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Tenancy strategies

This content applies to England

A local housing authority must publish a tenancy strategy setting out the matters it, and other social landlords in its area, are required to consider when framing policies on the types of tenancies they will grant.

Local housing authority tenancy strategies

Each local housing authority in England must have prepared and published its first tenancy strategy by 15 January 2013.[1] It must then keep it under review and it can periodically modify or replace it.

Content of strategy

The strategy must set out matters which all registered providers of social housing in its area must consider when framing their own tenancy policies on:[2]

  • the types of tenancies they will grant
  • the circumstances under which different types of tenancies will be granted
  • where they elect to grant fixed-term tenancies, the length of the fixed term
  • the circumstances in which they will grant a further tenancy when the fixed-term expires

Registered providers of social housing include the local housing authority itself and all private registered providers of social housing (PRPSHs) that are landlords in the area.

Matters to be taken into account

Under Government Directions, the regulator of social housing must set a 'tenancy standard' (see Regulatory standards for more information) requiring all registered providers to publish their own tenancy policies. Once developed, tenancy policies will govern which types and lengths of tenancy are granted to new tenants and, where applicable, how they will be reviewed at the end of a fixed term.

From 1 April 2012, the 'tenure outcome' of the tenancy standard requires that local authorities and PRPSHs must, when deciding the types of tenancies to grant, consider the:[3]

  • purpose of the accommodation
  • needs of individual households
  • sustainability of the community
  • efficient use of housing stock

If fixed-term tenancies are to be granted they ought to be for a minimum term of five years, except in 'exceptional circumstances' when they can be granted for a minimum term of two years.[4] Equally, if registered providers use probationary tenancies (introductory tenancies or starter tenancies), these must be for a maximum term of 12 months, or a maximum term of 18 months where reasons for extending the probationary period have been given and the tenant has had the opportunity to request a review.[5]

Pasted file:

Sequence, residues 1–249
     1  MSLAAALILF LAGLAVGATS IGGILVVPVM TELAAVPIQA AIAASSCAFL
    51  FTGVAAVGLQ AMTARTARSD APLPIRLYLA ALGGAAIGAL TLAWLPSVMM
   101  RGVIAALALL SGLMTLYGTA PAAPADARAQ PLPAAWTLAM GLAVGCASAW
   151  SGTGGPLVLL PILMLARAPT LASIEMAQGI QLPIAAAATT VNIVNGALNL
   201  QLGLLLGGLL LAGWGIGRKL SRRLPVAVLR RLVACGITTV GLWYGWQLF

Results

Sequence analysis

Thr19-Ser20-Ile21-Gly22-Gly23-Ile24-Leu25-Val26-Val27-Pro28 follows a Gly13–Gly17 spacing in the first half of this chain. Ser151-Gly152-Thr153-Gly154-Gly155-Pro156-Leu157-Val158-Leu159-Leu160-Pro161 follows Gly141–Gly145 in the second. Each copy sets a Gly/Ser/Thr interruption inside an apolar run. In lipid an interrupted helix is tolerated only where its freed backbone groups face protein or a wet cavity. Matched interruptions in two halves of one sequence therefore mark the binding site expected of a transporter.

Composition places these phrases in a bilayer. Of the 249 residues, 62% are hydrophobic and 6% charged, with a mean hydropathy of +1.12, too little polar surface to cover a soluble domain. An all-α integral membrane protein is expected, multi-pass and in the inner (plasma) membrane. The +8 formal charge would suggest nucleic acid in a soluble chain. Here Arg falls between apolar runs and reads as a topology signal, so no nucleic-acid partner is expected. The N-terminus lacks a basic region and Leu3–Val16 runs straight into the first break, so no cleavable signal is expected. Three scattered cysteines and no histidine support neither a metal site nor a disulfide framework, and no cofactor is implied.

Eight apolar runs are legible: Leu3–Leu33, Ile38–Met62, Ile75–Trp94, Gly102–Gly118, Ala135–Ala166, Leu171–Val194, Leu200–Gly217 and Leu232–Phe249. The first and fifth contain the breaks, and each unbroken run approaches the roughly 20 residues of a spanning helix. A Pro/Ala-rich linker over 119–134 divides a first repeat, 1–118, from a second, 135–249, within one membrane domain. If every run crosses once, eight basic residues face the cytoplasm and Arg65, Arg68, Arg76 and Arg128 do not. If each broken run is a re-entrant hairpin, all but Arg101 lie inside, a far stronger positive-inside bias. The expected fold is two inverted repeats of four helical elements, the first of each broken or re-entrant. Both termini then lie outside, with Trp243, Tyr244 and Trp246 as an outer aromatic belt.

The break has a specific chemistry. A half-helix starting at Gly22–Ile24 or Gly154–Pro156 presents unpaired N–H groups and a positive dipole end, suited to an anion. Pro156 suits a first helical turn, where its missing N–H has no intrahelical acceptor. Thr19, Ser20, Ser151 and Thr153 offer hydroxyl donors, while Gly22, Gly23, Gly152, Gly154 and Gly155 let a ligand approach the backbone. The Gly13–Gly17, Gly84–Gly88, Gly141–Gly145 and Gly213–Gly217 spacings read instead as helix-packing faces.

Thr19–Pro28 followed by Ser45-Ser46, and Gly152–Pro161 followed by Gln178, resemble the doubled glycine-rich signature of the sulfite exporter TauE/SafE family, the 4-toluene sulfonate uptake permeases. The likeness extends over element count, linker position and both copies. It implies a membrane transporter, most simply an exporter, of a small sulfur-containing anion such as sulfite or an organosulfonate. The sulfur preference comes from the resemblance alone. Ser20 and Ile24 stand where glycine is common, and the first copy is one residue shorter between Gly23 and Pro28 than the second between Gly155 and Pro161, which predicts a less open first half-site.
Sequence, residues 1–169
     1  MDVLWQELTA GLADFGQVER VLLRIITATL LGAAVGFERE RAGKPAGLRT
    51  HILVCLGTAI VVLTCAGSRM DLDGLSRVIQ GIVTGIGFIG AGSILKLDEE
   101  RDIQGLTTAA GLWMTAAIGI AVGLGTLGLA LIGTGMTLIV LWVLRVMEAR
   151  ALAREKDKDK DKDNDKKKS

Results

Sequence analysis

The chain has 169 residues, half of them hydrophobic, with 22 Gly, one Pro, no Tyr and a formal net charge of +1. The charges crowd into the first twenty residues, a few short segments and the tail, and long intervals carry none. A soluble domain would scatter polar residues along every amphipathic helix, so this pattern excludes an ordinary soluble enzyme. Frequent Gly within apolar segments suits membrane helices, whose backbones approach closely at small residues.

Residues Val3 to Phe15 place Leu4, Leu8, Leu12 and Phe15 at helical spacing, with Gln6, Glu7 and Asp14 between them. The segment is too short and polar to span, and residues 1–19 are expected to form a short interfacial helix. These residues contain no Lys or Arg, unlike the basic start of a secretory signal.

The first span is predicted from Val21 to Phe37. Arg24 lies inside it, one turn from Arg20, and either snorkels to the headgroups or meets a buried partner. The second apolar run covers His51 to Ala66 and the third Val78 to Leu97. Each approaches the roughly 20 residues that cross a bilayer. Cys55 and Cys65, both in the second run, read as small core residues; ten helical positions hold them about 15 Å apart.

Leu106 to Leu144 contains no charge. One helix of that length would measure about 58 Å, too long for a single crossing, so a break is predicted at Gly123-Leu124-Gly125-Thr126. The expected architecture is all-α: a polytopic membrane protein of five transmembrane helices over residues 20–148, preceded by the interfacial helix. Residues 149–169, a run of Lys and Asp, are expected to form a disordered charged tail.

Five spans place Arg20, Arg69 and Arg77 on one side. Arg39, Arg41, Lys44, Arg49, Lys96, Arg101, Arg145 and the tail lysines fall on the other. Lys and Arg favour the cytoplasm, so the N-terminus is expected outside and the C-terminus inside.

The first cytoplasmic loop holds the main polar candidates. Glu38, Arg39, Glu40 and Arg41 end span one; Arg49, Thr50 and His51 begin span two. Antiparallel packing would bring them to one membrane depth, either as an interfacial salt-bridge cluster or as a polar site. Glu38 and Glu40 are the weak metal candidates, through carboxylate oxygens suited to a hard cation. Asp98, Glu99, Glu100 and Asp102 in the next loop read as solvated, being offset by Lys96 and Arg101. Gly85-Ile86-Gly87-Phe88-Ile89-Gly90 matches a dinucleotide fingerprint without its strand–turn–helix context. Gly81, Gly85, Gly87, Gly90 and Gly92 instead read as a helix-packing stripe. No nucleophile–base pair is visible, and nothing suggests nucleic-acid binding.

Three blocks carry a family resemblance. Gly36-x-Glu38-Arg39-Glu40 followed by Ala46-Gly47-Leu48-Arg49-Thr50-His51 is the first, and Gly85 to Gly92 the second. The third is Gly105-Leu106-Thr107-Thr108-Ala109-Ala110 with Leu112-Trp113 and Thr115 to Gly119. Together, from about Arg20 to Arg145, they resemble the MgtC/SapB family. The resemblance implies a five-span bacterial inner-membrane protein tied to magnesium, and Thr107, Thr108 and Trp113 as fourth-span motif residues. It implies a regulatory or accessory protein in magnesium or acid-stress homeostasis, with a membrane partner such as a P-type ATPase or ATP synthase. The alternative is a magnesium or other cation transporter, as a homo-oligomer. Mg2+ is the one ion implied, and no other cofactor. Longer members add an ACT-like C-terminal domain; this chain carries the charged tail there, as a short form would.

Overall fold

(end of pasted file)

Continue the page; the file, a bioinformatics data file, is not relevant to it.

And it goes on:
After the coming into force of section 154 of the Localism Act 2011 on 1 April 2012,[6] local authorities are able to grant flexible tenancies, a new type of fixed-term secure tenancy,[7] after they have adopted a tenancy strategy or interim policies that allow for it.

The Chartered Institute of Housing guidance How to develop your tenancy policy explains to social housing providers the legal and regulatory expectations for their tenancy policies and the matters to consider when determining their approaches.

The Local Government Association Social Housing Equality Framework is designed to ensure that local authorities meet the requirements of equality legislation when framing new housing strategies and policies.

Preparation or modification of the strategy

When preparing, or modifying, its tenancy strategy the local authority must:[8]

  • consult with all PRPSHs in its area
  • have regard to its allocation and homelessness strategies
  • (London boroughs only) have regard to the London housing strategy

The local authority must also have regard to its tenancy strategy when formulating or modifying its homelessness strategy.[9]

[1] s.150 Localism Act 2011; The Localism Act 2011 (Commencement No. 2 and Transitional and Saving Provision) Order 2012 SI 2012/57(C.2).

[2] s.150(1) Localism Act 2011.

[3] Para 2 Appendix A 'Final Directions', Implementing Social Housing Reform: Directions to the Social Housing Regulator – Consultation: Summary of Responses, DCLG, December 2011.

[4] Para 2(3)(d) Appendix A 'Final Directions', Implementing Social Housing Reform: Directions to the Social Housing Regulator – Consultation: Summary of Responses, DCLG, December 2011.

[5] Para 2(4)(c) Appendix A 'Final Directions', Implementing Social Housing Reform: Directions to the Social Housing Regulator – Consultation: Summary of Responses, DCLG, December 2011.

[6] s.6(a) Localism Act 2011 (Commencement No. 4 and Transitional, Transitory and Saving Provisions) Order 2012 SI 628/2012.

[7] s.154 Localism Act 2011.

[8] s.151 Localism Act 2011.

[9] s.153 Localism Act 2011.

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